The Change-Up has been created for the absolute lowest common denominator. It’s a supposed comedy testing the new plot routine of switching bodes with your best friend: Oh wait. But you see, it’s not the redundant plot ring-around that’s bothersome, it’s the utter lack of respect and regard for the viewers intelligence.
Because you know, as much as everyone in the audience loves to see babies pooping on their fathers face, slackers roasting bowls of marijuana, and protagonists finger-banging an older-women in a porn film, perhaps just a bit of sanity would be welcomed. Yep, all that and more occur in David Dobkin’s lazy and stupefying “Change-Up”.
So, with that in mind, lets look over the inventive story at hand. In this supposed comedy, we follow Dave Lockwood (Jason Bateman), an up-tight lawyer and family man with a beautiful wife (Leslie Mann) and two kids – and actor/womanizer Mitch Plank (Ryan Reynolds). The two have been best buds since highschool and one night, after plenty of consumption of alcohol, weed, and every other ungodly substance, the two decide to take a piss together … in a fountain. While doing so both Mitch and Dave have some sort of an epiphany and simultaneously shout out “I wish I had your life.” Lighting strikes, the cities power vanishes, and then, the next morning strolls around and hey, what do know: the two have switched bodies!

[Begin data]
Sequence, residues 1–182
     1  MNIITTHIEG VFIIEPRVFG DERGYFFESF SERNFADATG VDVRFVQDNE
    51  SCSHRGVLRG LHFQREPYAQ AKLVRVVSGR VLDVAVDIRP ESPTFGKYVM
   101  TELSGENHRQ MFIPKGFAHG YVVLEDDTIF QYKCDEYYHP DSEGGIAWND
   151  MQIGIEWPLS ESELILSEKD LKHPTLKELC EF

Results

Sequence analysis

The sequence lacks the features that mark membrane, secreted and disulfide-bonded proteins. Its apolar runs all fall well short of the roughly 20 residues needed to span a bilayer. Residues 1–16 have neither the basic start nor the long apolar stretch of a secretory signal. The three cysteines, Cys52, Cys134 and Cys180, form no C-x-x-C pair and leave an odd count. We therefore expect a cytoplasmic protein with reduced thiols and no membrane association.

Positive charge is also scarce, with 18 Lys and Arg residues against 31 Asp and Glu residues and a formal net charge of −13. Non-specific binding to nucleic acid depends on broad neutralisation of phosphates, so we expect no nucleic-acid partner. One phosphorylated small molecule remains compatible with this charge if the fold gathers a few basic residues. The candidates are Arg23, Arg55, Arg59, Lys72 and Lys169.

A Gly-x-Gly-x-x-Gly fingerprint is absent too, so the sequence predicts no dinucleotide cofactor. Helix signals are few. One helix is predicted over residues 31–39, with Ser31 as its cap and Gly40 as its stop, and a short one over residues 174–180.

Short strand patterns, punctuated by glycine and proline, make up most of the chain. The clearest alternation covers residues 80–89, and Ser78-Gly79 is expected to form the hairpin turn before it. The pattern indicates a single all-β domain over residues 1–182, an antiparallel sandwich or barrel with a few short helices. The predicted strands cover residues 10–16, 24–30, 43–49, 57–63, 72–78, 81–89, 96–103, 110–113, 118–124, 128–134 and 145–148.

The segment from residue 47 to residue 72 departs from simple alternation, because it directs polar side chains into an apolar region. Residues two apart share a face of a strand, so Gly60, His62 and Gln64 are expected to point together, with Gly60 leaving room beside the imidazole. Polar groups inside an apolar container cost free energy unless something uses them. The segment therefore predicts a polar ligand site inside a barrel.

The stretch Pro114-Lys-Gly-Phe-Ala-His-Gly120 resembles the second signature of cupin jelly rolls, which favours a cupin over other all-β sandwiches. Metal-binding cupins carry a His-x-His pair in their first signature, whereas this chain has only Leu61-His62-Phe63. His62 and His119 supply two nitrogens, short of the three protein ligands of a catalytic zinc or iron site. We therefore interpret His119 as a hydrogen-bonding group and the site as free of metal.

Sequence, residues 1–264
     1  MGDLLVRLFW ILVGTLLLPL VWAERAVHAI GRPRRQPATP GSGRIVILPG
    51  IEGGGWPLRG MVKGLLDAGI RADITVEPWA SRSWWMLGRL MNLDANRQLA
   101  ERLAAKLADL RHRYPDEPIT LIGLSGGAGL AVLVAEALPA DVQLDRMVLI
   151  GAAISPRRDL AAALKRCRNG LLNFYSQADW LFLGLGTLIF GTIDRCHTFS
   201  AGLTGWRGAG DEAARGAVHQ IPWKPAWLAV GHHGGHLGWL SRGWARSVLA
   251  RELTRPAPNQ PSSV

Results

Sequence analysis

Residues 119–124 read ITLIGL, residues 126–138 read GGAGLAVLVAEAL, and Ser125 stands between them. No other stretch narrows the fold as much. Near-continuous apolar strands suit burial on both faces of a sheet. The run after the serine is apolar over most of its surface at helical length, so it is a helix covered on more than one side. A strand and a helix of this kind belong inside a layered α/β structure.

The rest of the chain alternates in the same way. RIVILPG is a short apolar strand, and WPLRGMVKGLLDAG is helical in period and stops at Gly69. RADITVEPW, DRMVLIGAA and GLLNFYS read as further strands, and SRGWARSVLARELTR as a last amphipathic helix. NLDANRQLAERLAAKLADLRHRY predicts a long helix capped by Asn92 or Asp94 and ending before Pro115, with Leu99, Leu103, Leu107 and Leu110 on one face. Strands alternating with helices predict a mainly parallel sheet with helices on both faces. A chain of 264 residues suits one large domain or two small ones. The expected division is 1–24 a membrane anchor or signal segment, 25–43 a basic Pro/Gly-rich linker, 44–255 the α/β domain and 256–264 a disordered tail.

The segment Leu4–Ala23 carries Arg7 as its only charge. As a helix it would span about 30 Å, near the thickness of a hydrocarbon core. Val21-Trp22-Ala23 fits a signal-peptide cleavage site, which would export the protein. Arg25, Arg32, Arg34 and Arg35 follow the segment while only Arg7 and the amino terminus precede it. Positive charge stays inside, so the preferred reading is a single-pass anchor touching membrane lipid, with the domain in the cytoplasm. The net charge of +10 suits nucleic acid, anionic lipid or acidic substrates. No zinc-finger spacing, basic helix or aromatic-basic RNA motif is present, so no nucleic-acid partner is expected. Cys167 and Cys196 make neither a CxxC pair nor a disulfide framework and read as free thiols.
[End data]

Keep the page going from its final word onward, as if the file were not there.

Whatever dissects from there on out is more a blur than anything. We have some disconnecting dramatic moments, plenty of gross-out gags, and a film that is attempting so desperately to be bad, but just can’t find the right note. The Change-Up is the kind-of immature, incoherent picture that waits far too long to find its heart and when it eventually does it feels all too disingenuous.
Chalk it up to the talents and chemistry of Reynolds and Bateman that make The Change-Up at least remotely bearable. The two on screen make for some genuine comedic bits, but by in large – the script written by Jon Lucas and Scott Moore – is far too lackluster in wit and sophistication.
As for director David Dobkin, well everyone makes a few mistakes from time to time. Considering he made one of my favorite comedies of the decade with Wedding Crashers, I’ll just attempt to omit this film from my memory.
Because quite simply, the film is lackadaisical and lazy in every way, shape, and form. Despite containing solid performances and a sporadically charming comedic duo between Reynolds and Bateman, The Change-Up is strung together with scatology, creating a final product only appealing to the absolute lowest common denominator or any hormonal 13 year-old boy infatuated with breasts, marijuana, and sex.